Michael J. Fox Examines a Contemplative Memoir on Life’s Challenges

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I LIVE A LIFE LIKE YOU
a memory
by Jan Grue
Translated by BL Crook

Taking the title of Jan Grue’s memoir “I live like yours”, literally, I approached him by first constructing a mental Venn diagram and testing the accuracy of his title statement. And indeed, many areas of our lives intersect: We are both married, have children, and pursue challenging careers. Moreover, each of us carries the weight of a devastating diagnosis and a sobering prognosis. Confronting society’s stigma and general aversion to anything other than what is considered “normal,” we struggle to balance the expectations and assumptions of others with our own. To slightly different degrees, each of us has accepted the necessity of a wheelchair.

There are many fits in the diagram – she actually lives a life like mine – but this is uniquely the story of Jan Grue trying to fit his extraordinary shape into an ordinary world. A compelling, unconventional and powerfully told narrative.

Grue, who holds a PhD in linguistics and teaches at the University of Oslo, writes realistically about the whims of fate; For some of us, a genetic glitch means we’re assigned paths we would never choose. Diagnosed as a child with a rare spinal muscular atrophy, his early prognosis indicated a shortened life expectancy. This prediction turned out to be wrong. Soon after he turns 30, he discovers that his condition has not progressed and he is not sure that he will kill him. However, his discomfort is debilitating and disfiguring, and he is preoccupied with his physical reality that others may never have what he has. Trying to reconcile this inequality is central to the human journey.

The author’s Calvinist parents, both academics, raised him to be self-sufficient. They were often at odds with Norway’s government bureaucracy, a battle passed on to their sons when they thought he was old enough to act as his own lawyer. “I started sharing the work with my family, to be myself in the worldoutside of my family.”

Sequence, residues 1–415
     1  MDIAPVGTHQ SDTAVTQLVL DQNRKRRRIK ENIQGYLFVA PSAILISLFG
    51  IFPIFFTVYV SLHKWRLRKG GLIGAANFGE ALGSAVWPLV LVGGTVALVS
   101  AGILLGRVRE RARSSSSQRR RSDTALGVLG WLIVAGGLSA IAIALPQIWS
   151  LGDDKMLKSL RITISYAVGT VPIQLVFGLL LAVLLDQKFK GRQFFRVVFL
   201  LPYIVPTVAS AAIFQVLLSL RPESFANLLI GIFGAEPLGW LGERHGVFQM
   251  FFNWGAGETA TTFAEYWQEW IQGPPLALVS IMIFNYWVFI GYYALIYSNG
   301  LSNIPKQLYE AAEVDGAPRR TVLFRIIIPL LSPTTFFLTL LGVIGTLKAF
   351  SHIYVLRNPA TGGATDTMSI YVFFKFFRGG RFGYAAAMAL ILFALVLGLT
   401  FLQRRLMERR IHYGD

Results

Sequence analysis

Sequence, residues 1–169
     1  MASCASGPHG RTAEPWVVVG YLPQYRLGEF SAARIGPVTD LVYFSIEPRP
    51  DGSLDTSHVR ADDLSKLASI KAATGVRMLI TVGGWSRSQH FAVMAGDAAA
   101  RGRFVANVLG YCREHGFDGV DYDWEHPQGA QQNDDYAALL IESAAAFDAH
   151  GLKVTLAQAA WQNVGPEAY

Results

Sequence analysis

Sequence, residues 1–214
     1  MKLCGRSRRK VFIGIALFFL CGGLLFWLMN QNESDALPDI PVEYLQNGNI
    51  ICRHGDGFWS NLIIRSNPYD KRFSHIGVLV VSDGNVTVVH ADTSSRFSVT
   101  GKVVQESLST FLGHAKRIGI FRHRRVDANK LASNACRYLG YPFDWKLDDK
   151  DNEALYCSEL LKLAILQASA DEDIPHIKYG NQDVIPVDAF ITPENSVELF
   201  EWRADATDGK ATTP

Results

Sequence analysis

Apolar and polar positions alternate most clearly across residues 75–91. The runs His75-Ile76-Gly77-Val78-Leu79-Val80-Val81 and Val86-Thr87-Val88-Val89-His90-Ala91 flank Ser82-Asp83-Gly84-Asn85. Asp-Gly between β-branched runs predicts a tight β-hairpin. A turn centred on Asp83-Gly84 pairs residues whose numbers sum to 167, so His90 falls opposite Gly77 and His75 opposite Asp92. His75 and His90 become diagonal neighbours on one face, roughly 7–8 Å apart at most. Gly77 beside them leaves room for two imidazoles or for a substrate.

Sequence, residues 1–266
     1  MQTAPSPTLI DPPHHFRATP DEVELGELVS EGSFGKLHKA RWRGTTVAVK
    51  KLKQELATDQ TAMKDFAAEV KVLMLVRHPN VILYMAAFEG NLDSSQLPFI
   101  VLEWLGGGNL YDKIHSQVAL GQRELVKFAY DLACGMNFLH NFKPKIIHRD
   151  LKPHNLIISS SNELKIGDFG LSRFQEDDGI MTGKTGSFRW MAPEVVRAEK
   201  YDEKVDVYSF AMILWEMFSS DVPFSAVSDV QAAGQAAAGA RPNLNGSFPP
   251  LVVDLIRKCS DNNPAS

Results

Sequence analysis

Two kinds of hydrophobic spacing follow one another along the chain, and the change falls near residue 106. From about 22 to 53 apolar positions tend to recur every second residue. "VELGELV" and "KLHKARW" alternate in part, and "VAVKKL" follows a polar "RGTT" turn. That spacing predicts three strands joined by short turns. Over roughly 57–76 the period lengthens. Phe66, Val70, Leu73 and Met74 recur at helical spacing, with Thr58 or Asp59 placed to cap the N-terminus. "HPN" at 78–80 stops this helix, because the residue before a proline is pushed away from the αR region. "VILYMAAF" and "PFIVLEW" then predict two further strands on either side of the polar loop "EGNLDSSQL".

Grue is shocked by the additional hurdles he has to overcome: “Social Services makes hundreds of small requests on how I should formulate my needs, how exactly my misery should be described.” Later, her hard-won independence as a disabled adult living on her own threatens to derail government aid. “Social Services winks at me on purpose, asks if I’m really okay, asks if I’m good enough to leave Social Services alone, lets her turn her soft face to those who are content to stay miserable.” In an illuminating move, he turns over complete childhood medical records and case notes so his parents can read the “horizon of expectations” his doctors and the health system envision for him.

Grue is also tough on the tyranny of time. By the age of 14, she felt anxious, her days running out. When he was a young adult, he ran into one of his former middle school teachers and was really surprised to find that she was still alive. Exceeding his expectations is one of the many triumphs he claims in this book.

All the victories in his life come from behind, affirmations of himself that he is determined to reveal – a person who is so much more than others see. He discovers that “to gawk at is to take part in a narrative that has already been written and told by others.” Refusing to be concealed in such a “tragic aura,” she insists that her physical flaw is not her entire experience.

“The world,” he says, “perceives a body with weak arms, legs locked at certain angles, the world sees a thin body in a big, bulky wheelchair.” Judged only by appearance, he is not considered a complete person, not understood as a successful doctorate. because he has a brain that more than makes up for his bodily deficiencies. His genius is manifested in his mastery of the language and his profound success in the academic world. At home, her personal life provides a protective loop of normalcy as she falls in love, gets married, and has a son of her own.

Grue, by his own admission, strives for what he calls “condensed” in his writings, choosing his words carefully, and conveying these essays in concise, direct, and unadorned language. It offers messages of wisdom that will resonate long after the memory is finished. “At some point I stopped thinking of myself as someone who needed to be fixed.” Even if you allow the Norwegian translation, this is serious (if you’re looking for a chuckle, you’re in the wrong section).

His narration alternates between a variety of ideas and themes – transitioning between his childhood, his academic career, his relationship with his wife Ida, and his travels. Here’s another Venn-like overlap: Grue shares his humiliating experience traveling in an airport wheelchair. “How strange it was to be treated like a piece of cargo,” he writes, “like a logistics issue, an intrusive element.” So I wrote about wheelchair trips in airport and hotel lobbies being “treated like luggage,” quiet and marginalized: “No one listens to luggage.”

It must be said that Grue is a difficult company. This is definitely a story of intense difficulty that is hard to write and sometimes hard to read. But it’s worth the investment. Behind the curtain of disability, he shares valuable information about the human condition. Watch out for the man behind the curtain. He has a lot to say.

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